States that expressly do not tax digital goods
- North Dakota – Defined digital products and then specifically exempted them from taxation.
- Washington D.C. – Has a sales tax only on data processing and information services which include the distribution of news or current information. However, the tax statute specifically disclaims sales of digital content and certain Internet related services. Title 47 §2001(n)(1)(N) & (n)(2)(G).
Some of these laws specifically address the taxation of software, which may or may not be interpreted by those states’ courts to include downloadable content, i.e. music and video files.
Legal status in the European Union
The EU operates Value Added Tax (VAT) and electronic goods and services are subject to VAT at the applicable rate. Each member state may set its own rate of VAT if they want
VAT regulations are very complicated and the intent of this article is not to provide definitive guidance but rather to list some of the relevant factors.
Businesses located within an EU member state
If a business is located within an EU member state and its turnover through internet sales or otherwise exceeds that member state's VAT threshold then the business must register for VAT. It is then obliged to collect VAT on its sales (outputs) and remit it to the tax authorities having deducted the VAT it pays on its purchases (inputs).
Distance selling threshold
If a business makes sales of physical goods to a member state that exceeds that member states distance selling threshold (typically either EUR 30,000 or EUR 100,000) then it must register to pay VAT in that member state and collect VAT at that member state's VAT rate.
If sales are below the distance selling threshold VAT must be collected at the VAT rate in the business' own member state.
Selling e-services within the EU
If a business is located within an EU member state and supplies e-services to an individual who is not VAT registered in another EU member state then VAT rules of the state where the business is located apply. If the business supplies e-services to a VAT-registered individual in another state then the business is not obliged to pay VAT in its state and thus the individual must pay VAT in its state. If the business supplies e-services to a VAT-registered individual yet the individual receives the e-services in a state where neither the business nor the individual has their establishment then the business is obliged to register for VAT in the state where the e-services are delivered to. The 2015 EU VAT legislation requires two non-conflicting pieces of evidence to be produced so as to determine what VAT rate should be applied to these digital goods sales.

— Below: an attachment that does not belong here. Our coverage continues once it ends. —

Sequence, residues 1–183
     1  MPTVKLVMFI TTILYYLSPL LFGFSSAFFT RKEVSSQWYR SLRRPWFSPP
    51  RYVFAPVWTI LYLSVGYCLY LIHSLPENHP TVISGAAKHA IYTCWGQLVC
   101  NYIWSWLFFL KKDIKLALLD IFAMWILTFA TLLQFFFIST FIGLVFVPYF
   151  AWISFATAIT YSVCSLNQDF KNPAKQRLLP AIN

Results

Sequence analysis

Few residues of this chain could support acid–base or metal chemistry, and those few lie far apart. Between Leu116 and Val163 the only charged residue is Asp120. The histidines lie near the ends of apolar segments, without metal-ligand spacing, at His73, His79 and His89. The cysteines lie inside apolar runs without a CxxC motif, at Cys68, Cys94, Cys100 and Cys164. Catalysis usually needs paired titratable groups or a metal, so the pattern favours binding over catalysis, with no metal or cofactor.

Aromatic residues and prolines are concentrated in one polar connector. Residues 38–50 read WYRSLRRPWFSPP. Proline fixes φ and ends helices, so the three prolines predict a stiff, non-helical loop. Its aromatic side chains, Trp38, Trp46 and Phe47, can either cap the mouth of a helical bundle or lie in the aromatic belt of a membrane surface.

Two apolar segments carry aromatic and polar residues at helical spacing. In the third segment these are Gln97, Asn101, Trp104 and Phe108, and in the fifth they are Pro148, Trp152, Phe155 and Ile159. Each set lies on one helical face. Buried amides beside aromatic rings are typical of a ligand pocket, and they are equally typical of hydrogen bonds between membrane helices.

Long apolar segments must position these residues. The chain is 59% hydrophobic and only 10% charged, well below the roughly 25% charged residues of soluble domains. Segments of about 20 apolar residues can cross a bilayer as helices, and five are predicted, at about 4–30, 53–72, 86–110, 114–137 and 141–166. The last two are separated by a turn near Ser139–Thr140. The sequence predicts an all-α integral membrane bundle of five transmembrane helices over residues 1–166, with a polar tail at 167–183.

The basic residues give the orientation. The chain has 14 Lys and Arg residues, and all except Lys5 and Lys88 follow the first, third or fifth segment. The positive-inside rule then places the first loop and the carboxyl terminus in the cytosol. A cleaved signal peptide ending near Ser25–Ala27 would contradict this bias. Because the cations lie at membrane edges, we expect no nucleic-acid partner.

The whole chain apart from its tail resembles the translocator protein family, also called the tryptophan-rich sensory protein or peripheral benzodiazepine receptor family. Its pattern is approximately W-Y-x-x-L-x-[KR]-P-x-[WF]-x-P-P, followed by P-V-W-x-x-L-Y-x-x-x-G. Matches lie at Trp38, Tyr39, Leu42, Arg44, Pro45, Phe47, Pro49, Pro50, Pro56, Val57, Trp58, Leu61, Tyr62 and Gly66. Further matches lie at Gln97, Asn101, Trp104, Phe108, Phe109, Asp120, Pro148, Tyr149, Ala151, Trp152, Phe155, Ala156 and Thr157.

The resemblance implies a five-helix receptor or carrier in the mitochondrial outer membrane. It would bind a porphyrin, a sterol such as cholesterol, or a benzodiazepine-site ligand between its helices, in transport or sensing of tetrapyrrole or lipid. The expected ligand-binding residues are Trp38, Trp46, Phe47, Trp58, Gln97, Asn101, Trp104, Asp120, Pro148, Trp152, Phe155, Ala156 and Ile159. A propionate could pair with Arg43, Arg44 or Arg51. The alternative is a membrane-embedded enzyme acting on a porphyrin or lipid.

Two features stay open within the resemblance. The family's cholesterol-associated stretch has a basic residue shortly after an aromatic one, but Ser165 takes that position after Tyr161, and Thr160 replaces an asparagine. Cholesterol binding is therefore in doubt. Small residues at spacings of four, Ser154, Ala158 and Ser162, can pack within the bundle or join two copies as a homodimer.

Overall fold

A business must always charge VAT to non-VAT registered entities (i.e. consumers) but should not charge VAT to foreign EU VAT registered businesses who provide them with a VAT number. These foreign EU businesses are required to declare their purchase and the tax due to their own tax authorities.
Proposed new Australian digital services tax
In his budget of May 12, 2015, the then Australian Federal Government Treasurer Joe Hockey revealed details of a new 10% goods and services tax (GST) to be introduced on "certain electronic supplies".
The proposed GST has already been dubbed the 'Netflix Tax' in Australia as on-demand video-streaming is one of the services that will come under the scope of the new rules. The Australian GST on digital services is due to come into effect in July 2017.
On Wednesday, February 10, 2016, the draft bill outlining Australia's new digital GST was introduced with Treasurer Scott Morrison telling the Australian Parliament that the new rules would: "ensure Australian businesses selling digital products and services are not disadvantaged relative to overseas businesses that sell equivalent products in Australia.”
- See Music download
- 111th Congress, HR 1560. This amendment would have merely made the ban permanent, not changing the substance of the Act. http://www.govtrack.us/congress/bills/111/hr1560
- 164 Wash. 2d 35 (2008). http://caselaw.lp.findlaw.com/scripts/getcase.pl?court=wa&vol=2008_sc/797021MAJ&invol=4
- “’Video programming’ means programming provided by, or generally considered comparable to programming provided by, a television broadcast station.” 47 U.S.C. 522(19).
- 47 U.S.C. §151 section 1105(6).
- Quill, 504 U.S. at 311.
- http://www.azleg.gov/FormatDocument.asp?inDoc=/ars/42/05001.htm&Title=42&DocType=ARS http://www.us.kpmg.com/microsite/tax/salt/perspectives/persFA01/Hitech.htm
- http://us.kpmg.com/microsite/taxnewsflash/2009/Aug/SALT_Digital_Prod.pdf http://le.utah.gov/~2008/bills/hbillenr/hb0206.htm
- http://web.archive.org/web/20100529163325/http://www.tennessee.gov/revenue/legsumm/2008legsumm.htm. Archived from the original on May 29, 2010. Retrieved December 3, 2009. Missing or empty
- "Taxamo Blog "Chart Courtesy Of The EU Taxation & Digital Goods custom Website".".
- "Treasurer introduces 'Netflix tax' for GST on digital products to Parliament". The Age. 2016-02-10. Retrieved 2016-02-18.